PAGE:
We next turn to the constitutional question. In Kastigar v. United States, 406 U.S. 441, 92 S. Ct. 1653, 32 L. Ed. 2d 212 (1972), the Supreme Court determined the perimeters of the fifth amendment privilege against self-incrimination. The Court held that use and derivative use immunity, not transactional immunity, are the full extent of protection which is constitutionally required to compel testimony over a claim of privilege. Kastigar made clear that prosecutorial authorities are prohibited from using compelled testimony "in any respect (emphasis in original)," therefore insuring that "the testimony cannot lead to the infliction of criminal penalties on the witness." (406 U.S. at 453, 92 S. Ct. at 1661).
Accordingly, the offer of use immunity by the Police Department to plaintiffs here was sufficient to meet the constitutional requirements to overcome their assertion of privilege.
The law concerning the dismissal of a public official for failure to testify regarding his official duties has been fully set forth by the Supreme Court in a series of cases. Garrity v. New Jersey, supra; Gardner v. Broderick, 392 U.S. 273, 88 S. Ct. 1913, 20 L. Ed. 2d 1082 (1968); Sanitation Men v. Sanitation Comm'r, 392 U.S. 280, 88 S. Ct. 1917, 20 L. Ed. 2d 1089 (1968); and the Court's most recent opinion, Lefkowitz v. Turley, 414 U.S. 70, 94 S. Ct. 316, 38 L. Ed. 2d 274 (1973). As the Court stated in Lefkowitz:
given adequate immunity, the State may plainly insist that employees either answer questions under oath about the performance of their job or suffer the loss of employment.
414 U.S. at 84, 94 S. Ct. at 326. The police interrogation form, used in this case and known as "Policd Department General Order 15," provides adequate immunity when it states, in relevant part:
... if you refuse to testify or to answer questions relating to the performance of your official duties you will be subject to departmental charges which could result in your dismissal from the police department. If you do answer, neither your statements nor any information or evidence which is gained by reason of such statements can be used against you in any subsequent criminal proceeding.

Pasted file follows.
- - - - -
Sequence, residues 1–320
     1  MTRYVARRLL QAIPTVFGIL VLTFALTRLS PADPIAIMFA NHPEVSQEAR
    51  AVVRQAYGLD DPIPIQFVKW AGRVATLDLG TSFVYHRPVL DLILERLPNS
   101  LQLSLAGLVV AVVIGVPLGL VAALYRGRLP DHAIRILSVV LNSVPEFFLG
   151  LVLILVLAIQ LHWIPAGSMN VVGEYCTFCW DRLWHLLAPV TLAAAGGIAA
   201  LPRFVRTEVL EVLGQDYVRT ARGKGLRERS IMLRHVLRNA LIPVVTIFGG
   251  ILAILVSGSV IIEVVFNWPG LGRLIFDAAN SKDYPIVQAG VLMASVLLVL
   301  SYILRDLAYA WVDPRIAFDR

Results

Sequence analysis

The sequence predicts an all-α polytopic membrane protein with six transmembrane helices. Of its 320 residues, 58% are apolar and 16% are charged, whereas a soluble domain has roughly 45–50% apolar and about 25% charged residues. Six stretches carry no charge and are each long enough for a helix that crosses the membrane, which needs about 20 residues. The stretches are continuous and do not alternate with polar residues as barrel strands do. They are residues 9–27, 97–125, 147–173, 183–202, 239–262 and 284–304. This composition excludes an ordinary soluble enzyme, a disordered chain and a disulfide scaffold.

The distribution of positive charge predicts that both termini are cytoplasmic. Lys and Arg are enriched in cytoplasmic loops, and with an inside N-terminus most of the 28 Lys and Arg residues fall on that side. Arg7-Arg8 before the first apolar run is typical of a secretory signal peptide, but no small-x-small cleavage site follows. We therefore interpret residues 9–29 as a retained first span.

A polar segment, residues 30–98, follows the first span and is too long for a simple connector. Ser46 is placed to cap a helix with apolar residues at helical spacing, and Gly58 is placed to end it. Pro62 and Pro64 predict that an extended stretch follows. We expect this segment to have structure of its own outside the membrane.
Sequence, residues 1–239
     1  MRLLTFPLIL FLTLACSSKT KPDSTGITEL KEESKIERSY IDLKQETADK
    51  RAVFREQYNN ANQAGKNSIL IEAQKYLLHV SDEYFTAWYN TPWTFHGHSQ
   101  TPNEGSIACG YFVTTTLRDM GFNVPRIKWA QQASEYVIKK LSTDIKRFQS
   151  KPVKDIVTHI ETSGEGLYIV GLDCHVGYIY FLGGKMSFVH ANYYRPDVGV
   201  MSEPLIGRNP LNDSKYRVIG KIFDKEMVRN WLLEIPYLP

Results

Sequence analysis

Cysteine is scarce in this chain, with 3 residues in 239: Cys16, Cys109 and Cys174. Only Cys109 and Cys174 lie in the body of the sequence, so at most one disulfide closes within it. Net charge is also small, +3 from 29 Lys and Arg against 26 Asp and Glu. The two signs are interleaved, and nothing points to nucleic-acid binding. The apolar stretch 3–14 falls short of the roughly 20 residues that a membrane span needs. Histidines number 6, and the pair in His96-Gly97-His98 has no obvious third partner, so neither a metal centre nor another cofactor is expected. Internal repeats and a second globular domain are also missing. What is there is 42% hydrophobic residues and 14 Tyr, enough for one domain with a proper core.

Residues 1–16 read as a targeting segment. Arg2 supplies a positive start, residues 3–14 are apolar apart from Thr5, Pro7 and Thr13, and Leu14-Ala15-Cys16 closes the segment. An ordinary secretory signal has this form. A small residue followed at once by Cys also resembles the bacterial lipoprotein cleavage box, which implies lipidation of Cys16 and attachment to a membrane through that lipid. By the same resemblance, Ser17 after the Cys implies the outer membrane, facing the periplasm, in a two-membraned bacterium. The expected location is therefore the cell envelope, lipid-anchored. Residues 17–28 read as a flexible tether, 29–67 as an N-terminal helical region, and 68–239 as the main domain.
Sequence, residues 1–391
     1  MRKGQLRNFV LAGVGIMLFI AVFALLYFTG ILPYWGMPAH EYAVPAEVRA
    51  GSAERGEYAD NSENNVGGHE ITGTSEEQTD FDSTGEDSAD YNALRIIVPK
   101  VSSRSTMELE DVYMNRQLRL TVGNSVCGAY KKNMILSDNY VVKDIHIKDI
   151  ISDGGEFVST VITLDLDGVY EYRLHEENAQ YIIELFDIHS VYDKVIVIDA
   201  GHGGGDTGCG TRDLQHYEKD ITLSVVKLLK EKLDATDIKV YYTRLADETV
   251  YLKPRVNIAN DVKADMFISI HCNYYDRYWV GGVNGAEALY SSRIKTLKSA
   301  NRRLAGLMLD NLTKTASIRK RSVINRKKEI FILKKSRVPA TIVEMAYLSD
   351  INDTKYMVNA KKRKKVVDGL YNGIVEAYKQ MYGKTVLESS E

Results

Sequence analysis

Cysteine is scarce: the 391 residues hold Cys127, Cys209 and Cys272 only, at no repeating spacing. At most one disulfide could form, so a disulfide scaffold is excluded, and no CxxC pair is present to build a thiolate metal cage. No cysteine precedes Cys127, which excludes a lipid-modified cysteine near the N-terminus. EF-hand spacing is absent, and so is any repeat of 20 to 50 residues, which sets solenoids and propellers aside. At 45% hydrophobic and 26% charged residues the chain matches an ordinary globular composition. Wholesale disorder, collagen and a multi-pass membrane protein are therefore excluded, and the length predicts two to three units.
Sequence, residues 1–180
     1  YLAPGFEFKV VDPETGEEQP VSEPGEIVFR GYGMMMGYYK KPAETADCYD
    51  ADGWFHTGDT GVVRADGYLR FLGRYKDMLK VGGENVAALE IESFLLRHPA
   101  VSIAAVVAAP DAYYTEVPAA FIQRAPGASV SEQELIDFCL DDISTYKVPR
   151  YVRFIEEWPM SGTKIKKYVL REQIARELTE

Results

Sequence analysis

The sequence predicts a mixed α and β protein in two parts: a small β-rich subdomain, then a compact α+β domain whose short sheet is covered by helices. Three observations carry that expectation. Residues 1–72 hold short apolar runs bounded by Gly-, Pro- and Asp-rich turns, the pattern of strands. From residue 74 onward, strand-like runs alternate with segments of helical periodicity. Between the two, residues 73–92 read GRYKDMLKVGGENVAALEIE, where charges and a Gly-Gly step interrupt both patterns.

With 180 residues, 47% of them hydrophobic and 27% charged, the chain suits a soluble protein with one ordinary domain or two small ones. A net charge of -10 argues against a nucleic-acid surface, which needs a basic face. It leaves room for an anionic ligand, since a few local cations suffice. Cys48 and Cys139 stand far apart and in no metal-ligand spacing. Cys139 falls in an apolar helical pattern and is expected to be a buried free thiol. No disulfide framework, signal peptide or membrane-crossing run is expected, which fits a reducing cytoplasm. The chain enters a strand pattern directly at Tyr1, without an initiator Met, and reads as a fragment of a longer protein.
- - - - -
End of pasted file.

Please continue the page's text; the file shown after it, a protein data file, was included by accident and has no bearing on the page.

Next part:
This provision was read and explained to each of the two plaintiffs at the hearing in the presence of their counsel before each asserted the privilege. (See transcripts, plaintiffs' exhibits E-1 and E-2). Each understood that the failure to answer questions might well lead to their dismissal.
Finally, we cannot agree with plaintiffs that their due process rights have been violated by the procedures used in this case. While it is clear that these city employees are entitled to procedural due process when being dismissed, cf. Arnett v. Kennedy, 416 U.S. 134, 94 S. Ct. 1633, 40 L. Ed. 2d 15 (1974), we do not agree that proceeding against the plaintiffs for failure to answer questions concerning their official duties rather than proceeding on the substantive charges deprives plaintiffs of any due process rights. The Supreme Court has consistently found that, "given adequate immunity," public officers such as plaintiffs here can be constitutionally required to answer questions regarding their duties under penalty of dismissal. If they choose not to answer the questions and are therefore dismissed from the police force without a departmental hearing on the underlying charges, that is a choice which they make themselves. They are free to answer the questions asked, receive use immunity regarding that ...